The increasing realization among behaviorists and psychologists is that many animals learn by observation as members of social systems. Such settings contribute to the formation of culture. This book combines the knowledge of two groups of scientists with different backgrounds to establish a working consensus for future research. The book is divided into two major sections, with contributions by a well-known, international, and interdisciplinary team which integrates these growing areas of inquiry.
- Integrates the broad range of scientific approaches being used in the studies of social learning and imitation, and society and culture
- Provides an introduction to this field of study as well as a starting point for the more experienced researcher
- Chapters are succinct reviews of innovative discoveries and progress made during the past decade
- Includes statements of varied theoretical perspectives on controversial topics
- Authoritative contributions by an international team of leading researchers
About the Author
Cecilia Heyes completed her doctoral research on social learning in animals in the Department of Psychology at University College London (UCL), under the supervision of Professor Henry Plotkin. As a Harkness Fellow of the Commonwealth Fund of New York, she spent two years in the United States, studying evolutionary epistemology and philosophy of science at the University of Chicago, Lehigh University, and Tufts University. On her return to England, she was a Research Fellow of Trinity Hall, working in the Laboratory of Experimental Psychology at the University of Cambridge. Since 1988, she has been on the faculty at UCL.In her research on social learning in rodents and social cognition in primates, Dr. Heyes seeks to combine the strengths of associative learning theory and evolutionary approaches to the study of cognition. In her own empirical work (e.g. Quarterly Journal of Experimental Psychology, 45B, 81-92, 1992; Animal Learning and Behavior, 21, 221-225, 1993), and through her literature reviews (e.g. Animal Behaviour, 46, 177-188, 1993; 46, 999-1010, 1993; 47, 909-919, 1994; Biological Reviews, 69, 207-231) she promotes the use of learning theory's rigorous methodology to address the important questions posed by evolutionary psychology. She has co-edited with Bennett Galef Social Learning in Animals: The Roots of Culture for Academic Press (1996), and is currently preparing a book on imitation.Dr. Heyes is an Associate Editor of The Quarterly Journal of Experimental Psychology, a Consulting Editor of Animal Behaviour, a Fellow of the 21st Century Trust, and a member of the International Society for History, Philosophy and Social Studies of Biology. She has appeared in several television documentaries on animal thought.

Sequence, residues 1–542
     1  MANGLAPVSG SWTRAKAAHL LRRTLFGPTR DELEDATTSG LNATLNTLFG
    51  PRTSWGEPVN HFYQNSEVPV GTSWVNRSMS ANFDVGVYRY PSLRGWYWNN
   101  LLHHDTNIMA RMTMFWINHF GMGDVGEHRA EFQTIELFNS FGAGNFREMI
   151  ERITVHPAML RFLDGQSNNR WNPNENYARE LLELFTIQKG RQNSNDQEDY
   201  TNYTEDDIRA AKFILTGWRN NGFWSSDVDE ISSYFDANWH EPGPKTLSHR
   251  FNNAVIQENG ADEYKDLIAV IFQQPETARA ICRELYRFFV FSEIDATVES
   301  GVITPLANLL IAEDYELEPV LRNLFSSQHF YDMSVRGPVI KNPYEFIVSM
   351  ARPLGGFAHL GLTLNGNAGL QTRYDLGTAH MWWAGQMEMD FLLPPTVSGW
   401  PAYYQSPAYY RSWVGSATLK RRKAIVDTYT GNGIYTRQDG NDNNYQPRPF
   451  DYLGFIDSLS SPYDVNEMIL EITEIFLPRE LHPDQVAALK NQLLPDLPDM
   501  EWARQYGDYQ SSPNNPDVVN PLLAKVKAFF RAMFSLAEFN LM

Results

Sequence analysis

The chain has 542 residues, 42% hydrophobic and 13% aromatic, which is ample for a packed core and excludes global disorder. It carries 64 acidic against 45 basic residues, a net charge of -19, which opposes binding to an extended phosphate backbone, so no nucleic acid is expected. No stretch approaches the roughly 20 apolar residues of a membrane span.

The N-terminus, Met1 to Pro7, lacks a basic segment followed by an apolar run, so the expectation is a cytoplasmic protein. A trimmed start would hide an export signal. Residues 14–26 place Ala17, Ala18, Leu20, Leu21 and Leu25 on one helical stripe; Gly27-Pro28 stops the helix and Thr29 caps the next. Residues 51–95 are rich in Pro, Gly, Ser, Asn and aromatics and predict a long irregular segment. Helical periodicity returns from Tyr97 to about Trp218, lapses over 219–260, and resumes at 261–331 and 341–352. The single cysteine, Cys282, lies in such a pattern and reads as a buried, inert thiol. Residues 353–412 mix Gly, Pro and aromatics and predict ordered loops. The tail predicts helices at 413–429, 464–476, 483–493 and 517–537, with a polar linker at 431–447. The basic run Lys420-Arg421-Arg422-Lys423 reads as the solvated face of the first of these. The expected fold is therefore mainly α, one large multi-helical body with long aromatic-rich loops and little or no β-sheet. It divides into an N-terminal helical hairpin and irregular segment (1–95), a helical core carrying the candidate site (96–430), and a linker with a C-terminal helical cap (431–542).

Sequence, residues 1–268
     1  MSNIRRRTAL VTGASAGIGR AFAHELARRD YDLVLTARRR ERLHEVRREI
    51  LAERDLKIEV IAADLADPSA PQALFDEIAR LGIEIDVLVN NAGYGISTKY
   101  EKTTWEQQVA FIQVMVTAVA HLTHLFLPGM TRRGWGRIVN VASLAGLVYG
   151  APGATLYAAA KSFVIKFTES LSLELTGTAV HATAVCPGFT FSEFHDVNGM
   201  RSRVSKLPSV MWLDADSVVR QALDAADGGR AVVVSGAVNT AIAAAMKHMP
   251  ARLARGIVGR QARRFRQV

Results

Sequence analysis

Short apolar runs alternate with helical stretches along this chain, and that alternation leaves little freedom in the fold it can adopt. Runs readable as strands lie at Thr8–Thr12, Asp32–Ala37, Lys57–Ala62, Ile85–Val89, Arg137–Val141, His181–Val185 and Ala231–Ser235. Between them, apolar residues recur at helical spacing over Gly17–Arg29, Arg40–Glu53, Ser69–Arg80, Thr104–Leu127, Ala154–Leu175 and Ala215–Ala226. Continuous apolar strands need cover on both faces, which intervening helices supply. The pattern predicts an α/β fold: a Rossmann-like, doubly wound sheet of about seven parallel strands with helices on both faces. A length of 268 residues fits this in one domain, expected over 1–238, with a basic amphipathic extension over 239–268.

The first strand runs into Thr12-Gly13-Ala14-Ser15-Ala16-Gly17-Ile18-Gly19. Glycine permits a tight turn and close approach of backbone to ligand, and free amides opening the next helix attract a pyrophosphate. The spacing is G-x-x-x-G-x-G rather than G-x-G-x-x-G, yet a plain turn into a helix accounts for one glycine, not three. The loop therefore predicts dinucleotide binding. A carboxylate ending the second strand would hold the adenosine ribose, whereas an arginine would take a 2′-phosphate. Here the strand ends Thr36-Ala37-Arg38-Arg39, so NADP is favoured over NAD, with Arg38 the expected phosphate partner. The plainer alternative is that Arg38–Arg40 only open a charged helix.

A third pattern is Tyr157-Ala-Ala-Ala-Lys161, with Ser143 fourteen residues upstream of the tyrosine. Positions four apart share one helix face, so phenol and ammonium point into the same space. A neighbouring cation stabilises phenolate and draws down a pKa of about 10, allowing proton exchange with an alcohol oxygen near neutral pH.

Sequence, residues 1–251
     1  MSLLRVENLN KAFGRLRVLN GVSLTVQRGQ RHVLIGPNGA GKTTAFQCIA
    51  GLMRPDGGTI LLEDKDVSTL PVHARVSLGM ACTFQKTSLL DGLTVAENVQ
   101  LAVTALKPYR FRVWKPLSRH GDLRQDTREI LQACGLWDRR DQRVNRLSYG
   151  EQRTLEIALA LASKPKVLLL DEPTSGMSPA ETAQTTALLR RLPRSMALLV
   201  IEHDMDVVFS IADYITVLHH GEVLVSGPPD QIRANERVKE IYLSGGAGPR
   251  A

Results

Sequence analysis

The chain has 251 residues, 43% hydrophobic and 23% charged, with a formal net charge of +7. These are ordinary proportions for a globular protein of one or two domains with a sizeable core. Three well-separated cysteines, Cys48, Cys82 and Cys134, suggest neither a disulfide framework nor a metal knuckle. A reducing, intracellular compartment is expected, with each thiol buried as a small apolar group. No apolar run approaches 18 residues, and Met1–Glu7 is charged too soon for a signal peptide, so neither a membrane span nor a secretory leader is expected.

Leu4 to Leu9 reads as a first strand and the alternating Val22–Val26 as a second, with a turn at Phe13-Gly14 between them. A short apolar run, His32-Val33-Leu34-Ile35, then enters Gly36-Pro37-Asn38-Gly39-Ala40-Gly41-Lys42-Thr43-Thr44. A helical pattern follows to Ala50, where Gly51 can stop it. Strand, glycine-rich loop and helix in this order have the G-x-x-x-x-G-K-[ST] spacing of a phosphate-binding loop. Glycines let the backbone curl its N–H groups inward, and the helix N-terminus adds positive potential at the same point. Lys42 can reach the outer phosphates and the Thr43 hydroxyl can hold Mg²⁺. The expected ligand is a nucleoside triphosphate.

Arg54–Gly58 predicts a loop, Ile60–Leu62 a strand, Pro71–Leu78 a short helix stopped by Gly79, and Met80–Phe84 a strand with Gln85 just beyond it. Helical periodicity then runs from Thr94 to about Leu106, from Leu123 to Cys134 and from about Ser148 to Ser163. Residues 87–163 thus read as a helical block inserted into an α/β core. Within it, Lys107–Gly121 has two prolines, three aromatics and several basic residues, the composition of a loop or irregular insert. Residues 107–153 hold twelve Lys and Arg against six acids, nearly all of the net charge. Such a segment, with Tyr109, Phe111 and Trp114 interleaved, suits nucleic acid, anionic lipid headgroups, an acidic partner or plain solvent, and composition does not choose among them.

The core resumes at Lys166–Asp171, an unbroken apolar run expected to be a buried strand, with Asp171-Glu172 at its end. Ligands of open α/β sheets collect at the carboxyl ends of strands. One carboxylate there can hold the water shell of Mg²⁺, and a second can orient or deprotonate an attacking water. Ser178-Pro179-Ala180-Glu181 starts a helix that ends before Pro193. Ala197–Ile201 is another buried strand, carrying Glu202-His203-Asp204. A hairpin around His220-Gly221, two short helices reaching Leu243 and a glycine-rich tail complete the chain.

Table of Contents
B.G. Galef, Jr., Introduction.
J. Terkel, Cultural Transmission of Feeding Behavior in the Black Rat (Rattus rattus).
B.G. Galef, Jr., Social Enhancement of Food Preferences in Norway Rats: A Brief Review.
D.M. Fragaszy and E. Visalberghi, Social Learning in Monkeys: Primate 'Primacy' Reconsidered.
L.A. Dugatkin, Copying and Mate Choice.
L. Lefebvre and L.-A. Giraldeau, Is Social Learning and Adaptive Specialization?
K.N. Laland, P.J. Richeron, and R. Boyd, Developing a Theory of Animal Social Learning.
M.E. West, Social Learning: Synergy and Songbirds.
R.R. Provine, Contagious Yawning and Laughing: Significance for Sensory Feature Detection, Motor Pattern Generation, Imitation and the Evolution of Social Behavior.
C.M. Heyes, Introduction: Identifying and Defining Imitation.
T.R. Zentall, An Analysis of Imitative Learning in Animals.
B.R. Moore, The Evolution of Imitative Learning.
M.A. Huffman, Acquisition of Innovative Cultural Behaviors in Nonhuman Primates: A Case Study of Stone Handling, a Socially Transmitted Behavior in Japanese Macaques.
A. Whiten and D. Custance, Studies of Imitation in Chimpanzees and Children.
M. Tomasello, Do Apes Ape?
A. Meltzoff, The Human Infant as Imitative Generalist: A 20-Year Progressive Report.
C.M. Heyes, Genuine Imitation?